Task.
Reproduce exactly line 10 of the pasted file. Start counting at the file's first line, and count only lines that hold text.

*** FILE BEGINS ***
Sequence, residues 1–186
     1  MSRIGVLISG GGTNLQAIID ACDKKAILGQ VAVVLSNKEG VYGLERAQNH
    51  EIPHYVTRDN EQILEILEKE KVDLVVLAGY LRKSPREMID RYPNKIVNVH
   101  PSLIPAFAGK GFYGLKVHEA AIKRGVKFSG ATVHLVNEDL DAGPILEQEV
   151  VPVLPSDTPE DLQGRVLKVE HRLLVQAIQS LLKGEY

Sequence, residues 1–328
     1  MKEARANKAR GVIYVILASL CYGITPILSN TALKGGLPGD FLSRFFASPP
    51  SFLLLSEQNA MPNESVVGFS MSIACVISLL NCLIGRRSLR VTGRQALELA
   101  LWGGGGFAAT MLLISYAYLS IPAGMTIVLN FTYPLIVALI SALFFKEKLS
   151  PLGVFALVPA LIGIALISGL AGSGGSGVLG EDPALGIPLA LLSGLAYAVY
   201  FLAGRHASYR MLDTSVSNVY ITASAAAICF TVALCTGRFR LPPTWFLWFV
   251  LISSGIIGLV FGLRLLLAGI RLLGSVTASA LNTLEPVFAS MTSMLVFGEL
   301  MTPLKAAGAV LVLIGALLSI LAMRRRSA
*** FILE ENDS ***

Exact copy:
   151  PLGVFALVPA LIGIALISGL AGSGGSGVLG EDPALGIPLA LLSGLAYAVY